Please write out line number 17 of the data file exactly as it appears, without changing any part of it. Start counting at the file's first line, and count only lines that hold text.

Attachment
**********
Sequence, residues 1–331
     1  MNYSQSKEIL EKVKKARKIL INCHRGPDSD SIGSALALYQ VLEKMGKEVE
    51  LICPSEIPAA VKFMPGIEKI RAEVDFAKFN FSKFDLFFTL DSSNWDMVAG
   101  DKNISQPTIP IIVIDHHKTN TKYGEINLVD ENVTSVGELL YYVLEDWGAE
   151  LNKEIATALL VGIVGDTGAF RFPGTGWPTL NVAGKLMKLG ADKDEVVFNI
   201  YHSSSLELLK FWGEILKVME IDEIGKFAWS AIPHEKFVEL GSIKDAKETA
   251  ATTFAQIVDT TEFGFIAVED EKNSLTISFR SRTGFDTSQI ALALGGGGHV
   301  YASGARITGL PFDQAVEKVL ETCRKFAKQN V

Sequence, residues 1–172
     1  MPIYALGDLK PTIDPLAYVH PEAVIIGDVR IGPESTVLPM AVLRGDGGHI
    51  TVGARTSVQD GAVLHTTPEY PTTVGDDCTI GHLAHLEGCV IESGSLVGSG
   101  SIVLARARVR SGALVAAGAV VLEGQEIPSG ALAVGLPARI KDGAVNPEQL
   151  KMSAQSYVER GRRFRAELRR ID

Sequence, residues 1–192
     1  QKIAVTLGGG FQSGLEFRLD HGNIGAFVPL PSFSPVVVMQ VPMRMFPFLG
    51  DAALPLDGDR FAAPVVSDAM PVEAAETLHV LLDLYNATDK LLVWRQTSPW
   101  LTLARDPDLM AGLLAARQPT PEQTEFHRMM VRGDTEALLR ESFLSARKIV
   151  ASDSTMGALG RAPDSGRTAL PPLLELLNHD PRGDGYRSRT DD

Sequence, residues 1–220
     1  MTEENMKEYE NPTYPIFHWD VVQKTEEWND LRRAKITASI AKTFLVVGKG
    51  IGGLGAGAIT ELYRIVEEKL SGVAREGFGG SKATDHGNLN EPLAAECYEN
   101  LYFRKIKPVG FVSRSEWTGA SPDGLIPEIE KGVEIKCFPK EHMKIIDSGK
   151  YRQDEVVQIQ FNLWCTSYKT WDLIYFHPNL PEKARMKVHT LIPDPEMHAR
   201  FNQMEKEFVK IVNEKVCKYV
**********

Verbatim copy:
   101  LTLARDPDLM AGLLAARQPT PEQTEFHRMM VRGDTEALLR ESFLSARKIV